“Don’t get me talking about my mama,” he said. “Or I’ll start crying.”
The man in the necktie started talking about her anyway. There was no way he could help it. He’d just attended her funeral. According to him, it was a small affair. She was in her eighties.
“They did a good job on her,” he said. “She looked rested.”
It was late. The bartender was tired, musicians packed up instruments, waitresses swept floors, and this man wanted to talk about his mama.
Well, talking about your mother is a tradition in this part of the world. You can hear mama-stories in almost any waterhole across our region. And each tale carries the same weight as a Sunday-school Bible lesson. I don’t know if people from other parts talk about mothers quite as often, but I hope they do.
As a teenager, I remember sitting around an Andalusia campfire, watching three boys with beer cans swap mama-stories. Three of us had mothers. John did not.
“You know,” said John. “Before Mama died, I fell off the porch once. I broke my leg, I was in a cast for months…”
“I remember that,” said another.
John went on, “She cooked so much food, Daddy and I started getting fat.”
This drew a few laughs, but not too many. Because we knew what came next.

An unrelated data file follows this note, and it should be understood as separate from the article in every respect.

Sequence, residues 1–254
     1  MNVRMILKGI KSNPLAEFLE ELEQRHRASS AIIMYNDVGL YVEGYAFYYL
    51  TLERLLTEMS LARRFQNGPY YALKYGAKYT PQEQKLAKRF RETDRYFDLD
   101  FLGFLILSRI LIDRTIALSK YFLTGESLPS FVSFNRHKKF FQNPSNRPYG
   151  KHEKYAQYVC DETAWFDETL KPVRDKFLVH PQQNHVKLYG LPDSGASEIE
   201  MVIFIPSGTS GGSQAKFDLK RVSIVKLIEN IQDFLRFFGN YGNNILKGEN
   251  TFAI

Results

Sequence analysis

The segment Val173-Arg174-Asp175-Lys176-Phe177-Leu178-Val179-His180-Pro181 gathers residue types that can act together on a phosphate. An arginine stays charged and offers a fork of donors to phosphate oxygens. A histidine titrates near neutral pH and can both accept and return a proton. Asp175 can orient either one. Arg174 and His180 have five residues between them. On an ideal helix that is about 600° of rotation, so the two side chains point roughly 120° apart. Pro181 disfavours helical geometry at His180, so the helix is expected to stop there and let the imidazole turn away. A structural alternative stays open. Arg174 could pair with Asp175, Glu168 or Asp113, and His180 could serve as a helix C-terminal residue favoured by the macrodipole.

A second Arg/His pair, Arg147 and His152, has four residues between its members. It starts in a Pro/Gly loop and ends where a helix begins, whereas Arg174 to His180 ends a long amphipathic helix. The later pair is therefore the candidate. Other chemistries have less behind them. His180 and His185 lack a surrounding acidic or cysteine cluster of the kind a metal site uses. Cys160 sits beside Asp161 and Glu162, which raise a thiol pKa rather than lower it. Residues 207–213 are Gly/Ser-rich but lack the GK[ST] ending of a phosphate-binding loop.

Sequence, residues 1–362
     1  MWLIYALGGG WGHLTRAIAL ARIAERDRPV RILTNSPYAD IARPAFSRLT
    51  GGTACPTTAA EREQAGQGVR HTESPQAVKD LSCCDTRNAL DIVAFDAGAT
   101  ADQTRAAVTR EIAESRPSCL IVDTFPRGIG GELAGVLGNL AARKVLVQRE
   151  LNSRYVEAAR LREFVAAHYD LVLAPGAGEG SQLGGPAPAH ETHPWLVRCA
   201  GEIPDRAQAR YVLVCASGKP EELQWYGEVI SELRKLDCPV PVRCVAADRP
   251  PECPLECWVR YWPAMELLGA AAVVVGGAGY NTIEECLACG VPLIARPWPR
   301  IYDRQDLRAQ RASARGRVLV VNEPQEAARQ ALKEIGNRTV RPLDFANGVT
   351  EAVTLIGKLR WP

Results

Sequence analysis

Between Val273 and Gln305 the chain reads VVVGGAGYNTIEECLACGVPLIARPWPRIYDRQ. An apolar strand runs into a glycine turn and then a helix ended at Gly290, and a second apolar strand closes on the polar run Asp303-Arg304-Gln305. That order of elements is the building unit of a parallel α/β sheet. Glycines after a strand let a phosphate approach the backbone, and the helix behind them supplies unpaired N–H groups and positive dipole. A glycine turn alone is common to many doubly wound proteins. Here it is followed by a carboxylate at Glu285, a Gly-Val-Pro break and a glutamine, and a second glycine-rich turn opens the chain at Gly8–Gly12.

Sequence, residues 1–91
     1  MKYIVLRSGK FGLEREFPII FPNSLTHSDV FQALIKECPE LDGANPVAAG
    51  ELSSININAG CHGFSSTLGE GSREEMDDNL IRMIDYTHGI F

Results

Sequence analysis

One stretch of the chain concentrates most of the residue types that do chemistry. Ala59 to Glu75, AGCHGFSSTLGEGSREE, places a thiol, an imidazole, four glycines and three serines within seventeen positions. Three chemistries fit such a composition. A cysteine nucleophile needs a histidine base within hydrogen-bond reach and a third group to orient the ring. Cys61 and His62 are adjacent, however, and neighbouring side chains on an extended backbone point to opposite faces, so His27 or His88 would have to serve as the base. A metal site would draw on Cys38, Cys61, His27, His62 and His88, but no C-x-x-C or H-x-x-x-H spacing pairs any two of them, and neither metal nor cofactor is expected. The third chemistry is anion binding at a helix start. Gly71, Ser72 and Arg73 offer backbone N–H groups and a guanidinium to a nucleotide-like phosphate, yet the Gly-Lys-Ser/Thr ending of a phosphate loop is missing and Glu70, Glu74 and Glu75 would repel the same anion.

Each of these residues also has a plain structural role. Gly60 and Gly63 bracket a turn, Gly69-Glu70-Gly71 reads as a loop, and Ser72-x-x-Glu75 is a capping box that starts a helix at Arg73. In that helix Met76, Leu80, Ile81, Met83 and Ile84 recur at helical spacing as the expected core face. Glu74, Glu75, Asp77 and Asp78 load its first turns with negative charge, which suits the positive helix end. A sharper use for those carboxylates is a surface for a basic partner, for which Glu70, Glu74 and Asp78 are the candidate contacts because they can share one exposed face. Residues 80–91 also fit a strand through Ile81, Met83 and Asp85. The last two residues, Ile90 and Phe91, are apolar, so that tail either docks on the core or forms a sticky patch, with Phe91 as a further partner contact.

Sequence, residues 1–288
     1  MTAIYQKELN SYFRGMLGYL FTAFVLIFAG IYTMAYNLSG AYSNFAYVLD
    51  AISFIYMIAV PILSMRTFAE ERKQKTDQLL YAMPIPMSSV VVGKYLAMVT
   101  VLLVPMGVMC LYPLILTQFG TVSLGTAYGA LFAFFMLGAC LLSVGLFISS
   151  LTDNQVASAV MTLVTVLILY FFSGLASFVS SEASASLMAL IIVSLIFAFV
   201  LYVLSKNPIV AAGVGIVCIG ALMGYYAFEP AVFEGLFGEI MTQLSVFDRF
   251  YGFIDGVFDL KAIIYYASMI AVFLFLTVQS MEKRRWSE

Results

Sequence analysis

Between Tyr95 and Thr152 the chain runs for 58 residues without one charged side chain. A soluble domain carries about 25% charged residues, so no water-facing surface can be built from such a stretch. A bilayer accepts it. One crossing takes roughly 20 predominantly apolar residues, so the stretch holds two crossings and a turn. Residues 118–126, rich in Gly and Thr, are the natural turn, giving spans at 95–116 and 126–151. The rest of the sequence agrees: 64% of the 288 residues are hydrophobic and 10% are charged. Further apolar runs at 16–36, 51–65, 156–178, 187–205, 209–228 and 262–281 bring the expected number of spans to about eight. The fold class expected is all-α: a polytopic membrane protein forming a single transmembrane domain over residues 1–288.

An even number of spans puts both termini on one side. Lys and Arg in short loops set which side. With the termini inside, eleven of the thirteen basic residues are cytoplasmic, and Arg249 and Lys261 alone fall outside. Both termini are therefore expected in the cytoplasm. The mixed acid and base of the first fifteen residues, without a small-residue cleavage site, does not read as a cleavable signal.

He closed his eyes. “Y’all don’t know how good you have it.”
John finally said, “You fellas reckon my mama’s in heaven?”
And since ignorant teenagers don’t know what to do in these situations, each of us took turns giving John a hug.
Males are strange animals. We pretend. In fact, we’ve been faking it a long time. We act like we know what we’re supposed to be. We go to work, change our motor oil, and—God-willing—mow our lawns every three months.
We make-believe we’re men, even though we’re about as tough as undercooked pudding. We’re not half as strong as we pretend. That’s why we talk about our mamas like we do.
Because mamas don’t pretend.
The man at the bar loosened his tie and ordered another drink. The bartender told him it was closing time. So, he tipped her a hundred-dollar bill, then walked outside. I found him sitting on the curb, looking upward at the moon.
“You think people go somewhere when they die?” he asked.
This man was a complete stranger. I didn’t know what to say.
I hope he didn’t mind the hug.